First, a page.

How to Budget for an Agile Software Development Project


09 September 2019

Software Development

Software Costs


This article is a guide for product owners on how to set a budget for an Agile software development project. Agile delivery methods are proven to provide a better software market/people fit. A truly agile project dictates that the budget, in this case time of effort is only realised in hindsight. This is contrary to how businesses and cashflow works. We're yet to find a finance officer who is willing to give carte blanche, especially when it comes to software development. Quite rightly so.

This leaves the product requirements owner between a rock and a hard space. Do you multiply the best case by a factor of three, or five...or your worst case...It's a dark art. Often the product owner is left in the middle between the business expectations and trying to ensure the project doesn't overrun. This article won't provide all the answers but we would like to share our learnings.

These learnings come from running a software development services agency in Brisbane. We've grown from 8 employees, to 66 in four years. Along the way we've had to adapt from our mistakes and ensure they're never repeated. The documentation of these learnings has led to the creation of our Way of Working.

Here's an overview of our learnings:

  1. Understand where an advantage can be won: Behaviour Field Trials.
  2. Agree to project success trade offs: Fixed Scope, Variable Time.
  3. Use a scientific risk based estimation method to approximate effort required.

Take Advantage of Technology

The first is to leverage technology to your advantage. For us, that's the Codebots technology set. A software development platform as a service that writes on average 92% of a target application. It's bots that code. The way they do this is by writing 100% developer readable code based on models. They include the Entity Model (similar to a relational database model), User Interface Model and the Security Model. The Codebots have been trained to write Behaviours from these models that can be applied across any domain and are frequently used in software development. Think...Dashboard, timelines, forms, API's etc.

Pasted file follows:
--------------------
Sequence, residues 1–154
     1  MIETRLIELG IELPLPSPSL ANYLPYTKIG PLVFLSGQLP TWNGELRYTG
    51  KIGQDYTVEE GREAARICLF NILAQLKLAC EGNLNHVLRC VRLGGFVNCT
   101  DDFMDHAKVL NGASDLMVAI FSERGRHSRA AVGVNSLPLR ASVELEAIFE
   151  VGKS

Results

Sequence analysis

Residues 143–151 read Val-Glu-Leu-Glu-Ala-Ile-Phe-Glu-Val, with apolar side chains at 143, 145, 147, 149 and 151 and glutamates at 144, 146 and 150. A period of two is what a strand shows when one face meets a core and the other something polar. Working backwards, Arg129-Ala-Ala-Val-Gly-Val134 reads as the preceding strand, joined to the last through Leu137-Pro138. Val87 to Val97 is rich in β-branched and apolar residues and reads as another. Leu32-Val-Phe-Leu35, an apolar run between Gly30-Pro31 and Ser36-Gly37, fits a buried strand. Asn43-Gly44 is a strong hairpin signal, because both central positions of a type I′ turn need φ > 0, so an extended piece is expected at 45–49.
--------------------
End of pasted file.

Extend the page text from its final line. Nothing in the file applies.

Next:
For us to understand how the Codebots advantage can apply to the project we do something called a behaviour field trial. This is achieved by breaking the requirements of the new application into segments. This can be done from a backlog, an old legacy app or just general documentation. For this example, we have used this prototype of a bike sharing app.

Once we have the segments we can link them to Codebots behaviours. Behaviours that already exist that can be applied to the project. These can be either fully covered, partially covered or not covered at all. Here's an example of the sheet I used for the bike sharing app.


As you can see from the above image. Codebots is going to give us 81.9% coverage of the segments. 45.5% is fully covered and 36.4% is partially covered requiring more customisation. Now we know what technology can help us, it's time to talk about project success.

Project Trade Offs